And just when you think you know how Sartre’s chain of thoughts works, more surprises spring about. In Erostratus, Paul Hilbert, a ‘black hero’ (and black here does not imply skin colour) a misanthrope, an man who idealises his destiny to be short and tragic, planning his act of murdering random citizens of Paris and then his suicide. Erostratus was a man who became famous because he couldn’t find anything better to do than to burn down the temple of Ephesus, one of the seven wonders of the world. Paul Hilbert may sound despicable and insolent, but the deeper you get into the story, the more you understand his logics. And in a creepy sense, while reading the novel, I actually wanted him to carry out his plan successfully, perhaps my feeling for the character is stronger than my philanthropic sense, but that is the power which Sartre has over the readers like me. Sartre’s sense of irony is wonderfully ironic and real, it is shown throughout all of his stories.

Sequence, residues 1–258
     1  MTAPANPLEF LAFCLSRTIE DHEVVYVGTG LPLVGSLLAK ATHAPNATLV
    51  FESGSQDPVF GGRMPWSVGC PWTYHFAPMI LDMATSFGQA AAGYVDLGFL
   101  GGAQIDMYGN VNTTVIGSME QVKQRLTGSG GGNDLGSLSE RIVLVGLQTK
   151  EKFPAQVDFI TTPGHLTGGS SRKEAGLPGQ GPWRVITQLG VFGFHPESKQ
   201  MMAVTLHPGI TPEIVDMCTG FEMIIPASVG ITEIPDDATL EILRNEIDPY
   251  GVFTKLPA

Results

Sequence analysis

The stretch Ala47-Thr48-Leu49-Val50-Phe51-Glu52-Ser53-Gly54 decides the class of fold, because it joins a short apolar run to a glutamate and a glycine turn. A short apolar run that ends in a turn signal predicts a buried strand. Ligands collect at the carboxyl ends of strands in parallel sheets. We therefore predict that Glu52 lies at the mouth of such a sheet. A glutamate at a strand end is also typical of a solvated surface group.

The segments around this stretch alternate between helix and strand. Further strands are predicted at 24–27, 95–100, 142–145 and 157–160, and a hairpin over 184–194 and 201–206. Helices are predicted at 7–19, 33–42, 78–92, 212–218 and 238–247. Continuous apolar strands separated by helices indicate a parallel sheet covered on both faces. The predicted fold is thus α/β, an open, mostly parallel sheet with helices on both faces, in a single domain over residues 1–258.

The childhood of a leader – This last story is one I most love and despise at the same time. Lucien, the angel child (with golden, radiating curls) while growing up discovers many things in life, in particular, the concept of truth and lie, the saddest of which when he finds out that he no longer loves his mother and begins to question the value of his existence. He of course, being a creation of Sartre, finds human existence quite empty and starts to plan his suicide. In his schooling years in Paris, Lucien becomes friend with Berliac and is quickly influent by Berliac’s obsession with Freudian works. At this point in his life, Lucien is very open to people around him, especially those who he feels have the same complexes with him, people who – lives outside of the matrix (as in the movie Matrix). Then along comes Bergere (one of Berliac close friends), a mid-thirty man, who challenges Lucien’s masculinity and deeply wounds his sexuality. From this point onwards, Lucien is more submerged in the mainstream society, diverged away from the bohemian crowd and very much involved in extreme politic, a subject which celebrates male camaraderie and allows him the typical masculinity which society expects of him. His complexes change, he loses his innocence, begins the practice hatred (specifically towards the Jews), and assumes the role which ‘destiny’ or ‘society’ expects of him. On a personal level, I really like this story because of the similar thoughts and complexes that we might all have perceived as a child growing up, while reading I kept thinking to myself that ‘yes, I thought of the same thing when I was 9’ etc…and obviously Lucien has chosen to become someone else, someone perhaps he finds easier to exist, easier to be accepted in his society and easier to rule society if he wants to. There is much to discuss about this story, and Sartre has made it obvious regarding the difficulty of life choices, the easier of which is adopted by Lucien. Yet ‘But if I could only be what I am I wouldn’t be worth any more than the little kite’. What could one discover searching in this mucous intimacy if not the sorrow of flesh, the ignoble lie of equality and disorder? ‘First maxim’, Lucien said, ‘not to try and see inside yourself; there is no mistake more dangerous – as much as I find Lucien so unlikeable toward the end of the story, I must also agree with Mr Sartre that he has the right to exist - ‘rights were beyond existence, like mathematical objects and religious dogma, the right to be existed to the very flesh, obeyed to the very bed’